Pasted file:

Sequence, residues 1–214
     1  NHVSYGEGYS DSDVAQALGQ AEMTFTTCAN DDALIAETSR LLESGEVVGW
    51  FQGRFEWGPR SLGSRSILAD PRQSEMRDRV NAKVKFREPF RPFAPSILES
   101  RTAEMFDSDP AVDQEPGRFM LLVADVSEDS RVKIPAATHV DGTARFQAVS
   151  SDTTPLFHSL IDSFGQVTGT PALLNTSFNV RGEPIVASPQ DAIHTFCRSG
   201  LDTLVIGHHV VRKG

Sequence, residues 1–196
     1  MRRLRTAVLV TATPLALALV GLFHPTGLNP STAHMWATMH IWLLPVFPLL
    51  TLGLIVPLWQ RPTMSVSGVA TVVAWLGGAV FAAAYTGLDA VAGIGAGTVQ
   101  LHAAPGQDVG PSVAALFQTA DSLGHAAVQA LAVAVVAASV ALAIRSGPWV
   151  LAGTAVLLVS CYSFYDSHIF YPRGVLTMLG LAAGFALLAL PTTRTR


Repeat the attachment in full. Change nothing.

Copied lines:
Sequence, residues 1–214
     1  NHVSYGEGYS DSDVAQALGQ AEMTFTTCAN DDALIAETSR LLESGEVVGW
    51  FQGRFEWGPR SLGSRSILAD PRQSEMRDRV NAKVKFREPF RPFAPSILES
   101  RTAEMFDSDP AVDQEPGRFM LLVADVSEDS RVKIPAATHV DGTARFQAVS
   151  SDTTPLFHSL IDSFGQVTGT PALLNTSFNV RGEPIVASPQ DAIHTFCRSG
   201  LDTLVIGHHV VRKG

Sequence, residues 1–196
     1  MRRLRTAVLV TATPLALALV GLFHPTGLNP STAHMWATMH IWLLPVFPLL
    51  TLGLIVPLWQ RPTMSVSGVA TVVAWLGGAV FAAAYTGLDA VAGIGAGTVQ
   101  LHAAPGQDVG PSVAALFQTA DSLGHAAVQA LAVAVVAASV ALAIRSGPWV
   151  LAGTAVLLVS CYSFYDSHIF YPRGVLTMLG LAAGFALLAL PTTRTR